Crowell & Moring

Not so fast, Canellas…

* Yeah, about that huge bonus we were going to pay our ex-finance director — we realized how silly that was, so we’re not going to do that. Aww, don’t worry, Dewey & LeBoeuf, you’ll have plenty of other chances to look absurd. [Am Law Daily]

* Not only is Samsung suing Apple for patent infringement, but the company is also trying to get a do over by getting Judge Lucy Koh to throw out the original billion-dollar verdict over jury foreman Velvin Hogan’s alleged misconduct. [Bloomberg]

* “Small deals are easier to swallow, easier to integrate.” Regional firms like Carlton Fields and Adams and Reese are gobbling up smaller firms in what seems to be the latest trend in law firm merger mania activity. [Thomson Reuters News & Insight]

* Douglas Arntsen, the former Crowell & Moring associate who had to be extradited from Hong Kong after embezzling $10.7M from clients, pleaded guilty in exchange for a lesser sentence. [New York Law Journal]

* It’s tough to come up with appropriate whistleblower jokes given the background here. We’ll play it straight: Mike McQueary filed a defamation suit against Penn State, and he’s seeking $4M in damages. [ABC News]

* Jose Godinez-Samperio, an undocumented immigrant, is fighting for the ability to practice law in Florida, but the members of the state Supreme Court are literally trying to make it into a “federal case.” [Washington Post]

I got an offer!

The summer of 2012 brought a great deal of worry for Biglaw’s summer associates. Would they receive offers of permanent employment after all of their hard work? (And by “hard work,” we of course mean completing work assignments amid multiple forays into the world of being wined and dined.) In fact, this year’s summers were so anxious about whether they’d get an offer that their average “worry level” was higher than it had been since the height of the recession.

But as it turns out, all of their worry was for naught, because nearly all firms indiscriminately doled out offers like they were going out of style. According to the American Lawyer’s Summer Hiring Survey, responding firms hired 15.5 percent more summer associates this year than they did in 2011. That said, while things seem to be looking up, that doesn’t mean that all firms handed out offers like candy.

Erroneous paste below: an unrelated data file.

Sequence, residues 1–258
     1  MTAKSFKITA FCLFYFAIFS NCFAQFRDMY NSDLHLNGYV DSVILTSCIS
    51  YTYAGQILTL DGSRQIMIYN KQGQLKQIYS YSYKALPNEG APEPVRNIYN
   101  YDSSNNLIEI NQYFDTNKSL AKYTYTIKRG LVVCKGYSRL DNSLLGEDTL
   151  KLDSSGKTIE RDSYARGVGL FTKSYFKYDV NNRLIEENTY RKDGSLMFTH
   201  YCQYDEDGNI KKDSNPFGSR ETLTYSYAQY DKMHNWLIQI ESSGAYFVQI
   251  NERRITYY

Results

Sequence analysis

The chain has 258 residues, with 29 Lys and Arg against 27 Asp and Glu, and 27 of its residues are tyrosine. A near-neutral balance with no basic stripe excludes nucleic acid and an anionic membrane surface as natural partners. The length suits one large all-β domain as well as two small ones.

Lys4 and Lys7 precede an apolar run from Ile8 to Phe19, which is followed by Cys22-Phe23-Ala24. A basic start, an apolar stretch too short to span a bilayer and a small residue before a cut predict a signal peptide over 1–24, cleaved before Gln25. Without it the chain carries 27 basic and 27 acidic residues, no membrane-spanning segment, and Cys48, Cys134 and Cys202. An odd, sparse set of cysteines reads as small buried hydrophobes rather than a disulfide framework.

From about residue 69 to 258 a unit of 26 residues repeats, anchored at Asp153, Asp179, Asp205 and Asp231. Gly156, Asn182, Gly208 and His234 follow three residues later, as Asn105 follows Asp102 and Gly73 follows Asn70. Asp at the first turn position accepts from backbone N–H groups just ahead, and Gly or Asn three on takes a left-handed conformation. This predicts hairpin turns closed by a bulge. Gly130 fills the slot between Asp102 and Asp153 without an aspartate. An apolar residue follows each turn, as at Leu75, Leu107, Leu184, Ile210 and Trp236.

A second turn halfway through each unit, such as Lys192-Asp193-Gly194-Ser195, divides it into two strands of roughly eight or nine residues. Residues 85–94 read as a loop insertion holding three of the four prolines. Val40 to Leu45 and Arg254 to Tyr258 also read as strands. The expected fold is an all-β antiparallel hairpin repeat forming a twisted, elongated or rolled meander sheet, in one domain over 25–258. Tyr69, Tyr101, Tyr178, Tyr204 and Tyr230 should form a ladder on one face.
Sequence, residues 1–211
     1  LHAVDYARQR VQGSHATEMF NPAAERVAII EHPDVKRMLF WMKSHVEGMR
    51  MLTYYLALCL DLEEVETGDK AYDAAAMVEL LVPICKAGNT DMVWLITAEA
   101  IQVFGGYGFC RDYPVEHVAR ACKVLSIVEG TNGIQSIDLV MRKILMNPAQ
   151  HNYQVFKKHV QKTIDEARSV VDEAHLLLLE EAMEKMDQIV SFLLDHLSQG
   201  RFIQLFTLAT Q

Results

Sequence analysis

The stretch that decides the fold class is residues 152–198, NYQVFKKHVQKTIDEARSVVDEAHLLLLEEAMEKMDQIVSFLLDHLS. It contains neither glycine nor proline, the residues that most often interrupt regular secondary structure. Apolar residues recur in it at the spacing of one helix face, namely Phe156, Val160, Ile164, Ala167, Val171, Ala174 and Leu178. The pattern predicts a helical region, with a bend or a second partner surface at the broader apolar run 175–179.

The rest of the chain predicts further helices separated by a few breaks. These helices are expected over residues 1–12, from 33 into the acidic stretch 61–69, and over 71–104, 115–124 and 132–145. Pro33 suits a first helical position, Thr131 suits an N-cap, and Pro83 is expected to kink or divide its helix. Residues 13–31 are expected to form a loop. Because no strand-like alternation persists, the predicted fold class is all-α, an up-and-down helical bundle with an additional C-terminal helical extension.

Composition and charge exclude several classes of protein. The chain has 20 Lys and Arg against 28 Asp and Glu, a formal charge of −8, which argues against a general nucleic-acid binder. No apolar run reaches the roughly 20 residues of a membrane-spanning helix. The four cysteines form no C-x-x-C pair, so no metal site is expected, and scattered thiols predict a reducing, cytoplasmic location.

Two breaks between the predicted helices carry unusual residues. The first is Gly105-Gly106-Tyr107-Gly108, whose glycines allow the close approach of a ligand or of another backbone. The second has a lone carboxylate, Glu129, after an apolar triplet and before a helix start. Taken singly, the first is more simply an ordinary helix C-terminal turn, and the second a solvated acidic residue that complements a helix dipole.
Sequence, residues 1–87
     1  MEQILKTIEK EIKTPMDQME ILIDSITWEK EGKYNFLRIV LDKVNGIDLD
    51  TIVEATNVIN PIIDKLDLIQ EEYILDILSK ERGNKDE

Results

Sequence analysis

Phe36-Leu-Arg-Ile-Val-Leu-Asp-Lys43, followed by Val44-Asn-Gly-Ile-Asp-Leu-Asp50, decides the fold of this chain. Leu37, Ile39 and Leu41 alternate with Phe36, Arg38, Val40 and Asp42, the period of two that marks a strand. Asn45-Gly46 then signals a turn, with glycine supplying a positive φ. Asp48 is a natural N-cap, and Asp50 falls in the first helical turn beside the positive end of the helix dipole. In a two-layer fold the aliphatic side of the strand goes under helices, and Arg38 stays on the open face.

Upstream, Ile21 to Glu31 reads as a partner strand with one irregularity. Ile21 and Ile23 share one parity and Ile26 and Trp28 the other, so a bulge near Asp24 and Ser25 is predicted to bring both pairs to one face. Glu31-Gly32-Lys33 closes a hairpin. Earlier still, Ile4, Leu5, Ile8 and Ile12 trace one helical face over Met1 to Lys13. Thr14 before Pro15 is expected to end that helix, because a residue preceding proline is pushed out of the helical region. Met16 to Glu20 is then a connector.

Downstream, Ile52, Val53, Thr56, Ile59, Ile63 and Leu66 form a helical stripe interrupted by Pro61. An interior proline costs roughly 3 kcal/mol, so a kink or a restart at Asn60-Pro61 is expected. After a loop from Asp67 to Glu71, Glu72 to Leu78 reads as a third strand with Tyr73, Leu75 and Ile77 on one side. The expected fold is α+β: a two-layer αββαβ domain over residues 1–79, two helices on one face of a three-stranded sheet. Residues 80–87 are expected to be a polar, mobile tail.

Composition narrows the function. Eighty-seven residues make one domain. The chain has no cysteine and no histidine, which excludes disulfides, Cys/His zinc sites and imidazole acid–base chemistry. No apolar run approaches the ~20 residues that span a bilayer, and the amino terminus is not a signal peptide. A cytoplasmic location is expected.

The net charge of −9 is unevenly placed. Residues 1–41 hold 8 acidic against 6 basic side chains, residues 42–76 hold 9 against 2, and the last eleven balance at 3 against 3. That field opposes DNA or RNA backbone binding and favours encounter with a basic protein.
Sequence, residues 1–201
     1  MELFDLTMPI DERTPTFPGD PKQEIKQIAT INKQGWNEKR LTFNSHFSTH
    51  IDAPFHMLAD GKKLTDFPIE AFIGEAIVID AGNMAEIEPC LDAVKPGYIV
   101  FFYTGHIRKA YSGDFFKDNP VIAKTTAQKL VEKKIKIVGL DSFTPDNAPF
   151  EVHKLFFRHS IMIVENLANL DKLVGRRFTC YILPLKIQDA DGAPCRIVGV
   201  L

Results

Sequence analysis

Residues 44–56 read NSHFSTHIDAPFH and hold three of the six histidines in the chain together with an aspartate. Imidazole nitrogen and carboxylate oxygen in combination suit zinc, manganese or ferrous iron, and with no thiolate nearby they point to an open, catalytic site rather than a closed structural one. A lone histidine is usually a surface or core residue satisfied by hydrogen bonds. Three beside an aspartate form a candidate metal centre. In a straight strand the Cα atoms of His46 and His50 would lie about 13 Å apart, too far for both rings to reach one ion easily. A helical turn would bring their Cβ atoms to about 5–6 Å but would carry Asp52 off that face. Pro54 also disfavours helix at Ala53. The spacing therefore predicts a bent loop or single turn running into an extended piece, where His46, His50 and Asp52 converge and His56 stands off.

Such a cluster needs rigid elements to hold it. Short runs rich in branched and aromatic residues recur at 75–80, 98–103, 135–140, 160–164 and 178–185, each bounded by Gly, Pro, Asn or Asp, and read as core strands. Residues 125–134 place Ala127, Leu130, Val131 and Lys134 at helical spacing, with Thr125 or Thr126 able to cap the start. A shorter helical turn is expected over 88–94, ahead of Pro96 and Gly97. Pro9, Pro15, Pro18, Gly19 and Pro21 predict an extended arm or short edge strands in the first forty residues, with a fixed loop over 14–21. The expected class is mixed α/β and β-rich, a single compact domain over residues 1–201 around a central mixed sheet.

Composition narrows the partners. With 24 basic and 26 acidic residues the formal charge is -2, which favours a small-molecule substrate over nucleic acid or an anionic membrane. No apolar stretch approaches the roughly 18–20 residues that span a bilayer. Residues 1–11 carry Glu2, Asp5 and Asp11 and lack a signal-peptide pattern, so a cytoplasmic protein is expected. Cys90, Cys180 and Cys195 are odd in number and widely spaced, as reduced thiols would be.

When we last spoke about summer associate offer rates, we wanted to know which firms had low offer rates. Now, thanks to Am Law, we’ve got some dirt for you. Which firms fell below the 100 percent mark?

double red triangle arrows Continue reading “Summer Associate Offer Rates (2012): Not Every Biglaw Firm Handed Out Offers Like Candy!”

* He may not have authoritah to respect! George Zimmerman received more than $200K in donations for his legal defense fund, but Judge Lester isn’t going to increase his bail just yet. [New York Times]

* Is Joe Amendola’s client, Jerry Sandusky, rubbing off on him? First he advises people to call a gay sex hotline, and now he’s spilling loads (of info) on boys all across Pennsylvania. [Philadelphia Inquirer]

* Thanks to an inquiry by the New York Post, Columbia Law has changed how it reports its post-grad employment statistics. Perhaps more publications should get their b*tch-slappers out. [New York Post]

* If every day were filled with science experiments, laser demonstrations, and art projects at Crowell & Moring, then maybe lawyers would think twice about allegedly embezzling millions. [Washington Post]

* Lawyers need to know how to be lawyers before they can be lawyers? “Way too meta, dudes,” say law school deans in California. Maybe next time, bar examiners, maybe next time. [National Law Journal]

* “With these grades, you could be a stripper.” That’s quite the report card! Guys Teachers in my high school used to allegedly sexually harass former students all the time, it was no big deal. [Connecticut Post]